Seven mind numbing hours, a labyrinth of security and an institution of the most depressing human beings on the planet- Welcome to the Passport Games. Today i am writing to congratulate the Newport HM passport office for successfully ensuring the maximum human suffering possible for those who wish to acquire a new passport. Having realised my own was going to expire two weeks before I left the country, I was forced to enter into the dark world of “fast track instant passport renewal”-A tempting carrot on a stick that guarantees a new document in four hours…the only condition being that you survive the process.
For those who do not know, this test begins with the three hour pilgrimage across the UK to locate your nearest passport office. If ever you are stuck for something to do on the M6 you can spot these passport pilgrims from the driver’s aura of despondency and a small forest of paper envelopes on the dashboard. Across the nation Ford fiestas are tirelessly travelling to and from accessible locations such as Durham, Glasgow and Newport. For myself, a Midlander, a gentle five am wake up and drive to South Wales where HM revenue had set us their first test.
7:30am : We arrived in the dark, the car thermometer recorded one degree Celsius as we hurried into the town centre of Newport, paper envelopes in hand. High above us in a bulletproof glass bubble i imagine the staff peering down and rubbing their hands together as we approached a signpost.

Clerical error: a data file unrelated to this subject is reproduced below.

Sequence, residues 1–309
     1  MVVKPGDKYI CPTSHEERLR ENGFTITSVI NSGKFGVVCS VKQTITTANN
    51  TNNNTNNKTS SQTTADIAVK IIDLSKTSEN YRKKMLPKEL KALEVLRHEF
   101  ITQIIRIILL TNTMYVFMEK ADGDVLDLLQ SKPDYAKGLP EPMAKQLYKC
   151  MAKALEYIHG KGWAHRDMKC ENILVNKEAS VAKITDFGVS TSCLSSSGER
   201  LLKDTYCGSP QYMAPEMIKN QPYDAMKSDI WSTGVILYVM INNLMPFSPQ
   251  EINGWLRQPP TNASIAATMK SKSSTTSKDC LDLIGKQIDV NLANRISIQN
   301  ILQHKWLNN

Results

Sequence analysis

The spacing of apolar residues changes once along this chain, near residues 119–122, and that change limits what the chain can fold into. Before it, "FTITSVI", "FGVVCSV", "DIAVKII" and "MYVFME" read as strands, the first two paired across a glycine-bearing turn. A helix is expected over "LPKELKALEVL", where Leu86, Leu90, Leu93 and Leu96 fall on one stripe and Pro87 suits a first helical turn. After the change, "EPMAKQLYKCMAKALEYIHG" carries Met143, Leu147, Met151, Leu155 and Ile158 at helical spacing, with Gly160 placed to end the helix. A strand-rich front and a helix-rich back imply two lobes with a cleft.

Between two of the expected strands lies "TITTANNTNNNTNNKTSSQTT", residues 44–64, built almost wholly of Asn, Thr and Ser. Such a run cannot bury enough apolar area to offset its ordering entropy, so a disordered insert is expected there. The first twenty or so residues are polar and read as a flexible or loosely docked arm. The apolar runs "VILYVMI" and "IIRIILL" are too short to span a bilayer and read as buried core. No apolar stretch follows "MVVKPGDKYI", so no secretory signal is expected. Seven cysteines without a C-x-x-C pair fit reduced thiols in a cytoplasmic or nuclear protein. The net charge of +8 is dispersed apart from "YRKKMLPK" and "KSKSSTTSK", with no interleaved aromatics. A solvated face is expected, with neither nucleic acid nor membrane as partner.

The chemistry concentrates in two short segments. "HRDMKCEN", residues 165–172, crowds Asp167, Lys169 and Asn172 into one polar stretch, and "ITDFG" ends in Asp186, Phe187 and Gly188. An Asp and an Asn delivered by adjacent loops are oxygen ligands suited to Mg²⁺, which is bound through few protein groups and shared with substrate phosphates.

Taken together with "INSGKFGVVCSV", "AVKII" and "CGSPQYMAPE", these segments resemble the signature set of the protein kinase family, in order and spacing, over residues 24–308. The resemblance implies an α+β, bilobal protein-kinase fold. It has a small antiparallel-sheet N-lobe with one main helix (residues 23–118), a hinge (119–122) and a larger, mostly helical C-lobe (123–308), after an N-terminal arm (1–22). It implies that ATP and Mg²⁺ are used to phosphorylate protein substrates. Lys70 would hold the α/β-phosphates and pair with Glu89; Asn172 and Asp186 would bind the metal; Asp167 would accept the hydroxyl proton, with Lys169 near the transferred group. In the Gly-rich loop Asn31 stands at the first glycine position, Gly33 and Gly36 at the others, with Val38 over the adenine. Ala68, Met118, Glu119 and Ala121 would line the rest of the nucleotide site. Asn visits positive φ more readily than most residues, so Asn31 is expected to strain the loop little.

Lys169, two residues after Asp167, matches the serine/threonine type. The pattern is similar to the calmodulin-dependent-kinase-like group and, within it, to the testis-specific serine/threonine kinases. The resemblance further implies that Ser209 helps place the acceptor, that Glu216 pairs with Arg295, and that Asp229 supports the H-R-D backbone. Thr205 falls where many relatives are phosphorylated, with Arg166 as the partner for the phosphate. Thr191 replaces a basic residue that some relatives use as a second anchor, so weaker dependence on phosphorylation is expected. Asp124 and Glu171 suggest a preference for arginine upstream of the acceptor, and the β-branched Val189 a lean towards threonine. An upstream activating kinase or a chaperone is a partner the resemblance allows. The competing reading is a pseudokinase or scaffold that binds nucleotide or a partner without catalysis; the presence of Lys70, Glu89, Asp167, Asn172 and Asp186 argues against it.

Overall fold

HM passport office- to the right, five minute walk. It took us thirty five minutes, a street map, a Sat nav and a local Welshman to decide that this signpost was in fact wrong and was purely the scenic route to “Ujee’s Hats and Tats”- a shop that boasted one pane of glass between three windows and a cardboard cut out of Elvis Presley. However, with the help of said Welshman we were eventually able to navigate ourselves to the real passport office- a concrete 60’s atrocity, notably in a different location to either map. Less fortunate pilgrims have already fallen by the wayside, endlessly following street directions to a building that changed location six months ago. “Ujee’s hats and tats” receives more custom than it’s ever had before as helpless Brits tattoo themselves with the face of the European passport.
Meanwhile my dad and I had reached reception where a surly looking man in his late thirties was crammed behind a desk. The sort of man who looked as if a life of administration had slowly sucked the joy and humanity from his soul. This is your typical passport office employee- as accommodating as they are charismatic.. I like to think of the following as the troll under the bridge stage.
“Hi I’ve got an appointment for half past eight”
“It’s ten past.” He scowled, pointing at the clock behind him.
“Yes we’re quite happy to wait in the waiting room.” My dad replied.
“No you won’t. wait outside. There’s no room until twenty past.”
The pair of us glanced behind him at the empty room of chairs, stifling a “what the fuck” before shuffling to the exit. Behind us we could hear fellow pilgrims attempt a similar pursuit and fail, joining us outside. At twenty past eight on the dot, the eyes of the Foyer troll suddenly unglazed and as a group, those who hadn’t frozen to death, scuttled in from the cold as he waved us through.